According to Dr Welsh, migraines during the luteal phase and menstruation are more likely to recur the next day.
“You might find in the days and weeks before your period arriving that your nipples are sore and/or tender,” Dr Welsh says. “Blame hormonal fluctuations, as increases in oestrogen cause the breast ducts to enlarge, and progesterone, which causes milk glands to swell.”
This nipple tenderness in the run-up to your period should only be mild pain. If the pain is more severe, speak to your GP or health provider for advice.
Going to the gym is hard enough as it is when you’re on your period or dealing with PMS. But you might also find it hard to recover from exercise around your time of the month.
“Hormonal fluctuations and increased release of prostaglandins can be responsible for increased DOMS, as they cause inflammation, alongside heightened sensitivity of nerve endings,” Dr Welsh explains.
“Tracking your cycle and scheduling rest days in sync with your PMS symptoms can be one way of avoiding the impact of DOMS.”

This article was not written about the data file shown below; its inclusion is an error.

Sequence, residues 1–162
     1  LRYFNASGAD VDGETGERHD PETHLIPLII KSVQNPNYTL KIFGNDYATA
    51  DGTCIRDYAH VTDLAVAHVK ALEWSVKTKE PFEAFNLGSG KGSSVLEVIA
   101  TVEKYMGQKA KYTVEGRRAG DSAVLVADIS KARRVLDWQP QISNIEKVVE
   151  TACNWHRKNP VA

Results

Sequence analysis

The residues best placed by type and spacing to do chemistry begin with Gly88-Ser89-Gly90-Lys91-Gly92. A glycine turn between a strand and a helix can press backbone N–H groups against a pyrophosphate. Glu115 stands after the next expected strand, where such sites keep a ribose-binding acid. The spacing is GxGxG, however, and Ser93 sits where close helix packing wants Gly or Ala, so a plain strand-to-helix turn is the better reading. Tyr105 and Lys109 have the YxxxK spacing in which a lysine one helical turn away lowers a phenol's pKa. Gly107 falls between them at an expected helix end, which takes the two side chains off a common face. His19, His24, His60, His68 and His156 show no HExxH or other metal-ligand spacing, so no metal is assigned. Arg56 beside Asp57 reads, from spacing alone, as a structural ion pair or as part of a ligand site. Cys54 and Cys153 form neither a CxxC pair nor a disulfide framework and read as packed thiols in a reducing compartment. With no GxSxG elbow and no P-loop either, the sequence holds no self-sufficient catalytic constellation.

Sensitive or painful skin
Although you’re probably used to increased oiliness or spots on your skin during the premenstrual phase and your period, you might not have realised that your fluctuating hormones can also make your skin more sensitive to the products you’re using and pollutants.
“A drop in oestrogen, which usually plumps skin, can increase sensitivity and the chance of inflammation,” Dr Welsh says. “This tends to kick off the week before your period and tail off around the second week of your cycle, so try to avoid the temptation to pick any blackheads or whiteheads that may emerge.”
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According to 2017 research, 42% of premenopausal women declared a perception of (increased) skin sensitivity just before and during the menstrual cycle, so it’s a pretty common issue.
In extreme cases, some people experience cystic acne, characterised by large, painful under-the-skin bumps which typically erupt along the jawline or chin during the premenstrual phase. Speak to your GP for advice or treatment if you’re dealing with this.